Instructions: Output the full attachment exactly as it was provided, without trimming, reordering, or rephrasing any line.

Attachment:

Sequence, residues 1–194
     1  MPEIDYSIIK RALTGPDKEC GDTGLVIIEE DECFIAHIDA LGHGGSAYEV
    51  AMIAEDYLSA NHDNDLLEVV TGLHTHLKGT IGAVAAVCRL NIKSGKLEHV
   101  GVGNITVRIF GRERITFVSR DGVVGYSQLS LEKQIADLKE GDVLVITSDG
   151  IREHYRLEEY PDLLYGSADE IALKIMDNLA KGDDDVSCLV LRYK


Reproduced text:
Sequence, residues 1–194
     1  MPEIDYSIIK RALTGPDKEC GDTGLVIIEE DECFIAHIDA LGHGGSAYEV
    51  AMIAEDYLSA NHDNDLLEVV TGLHTHLKGT IGAVAAVCRL NIKSGKLEHV
   101  GVGNITVRIF GRERITFVSR DGVVGYSQLS LEKQIADLKE GDVLVITSDG
   151  IREHYRLEEY PDLLYGSADE IALKIMDNLA KGDDDVSCLV LRYK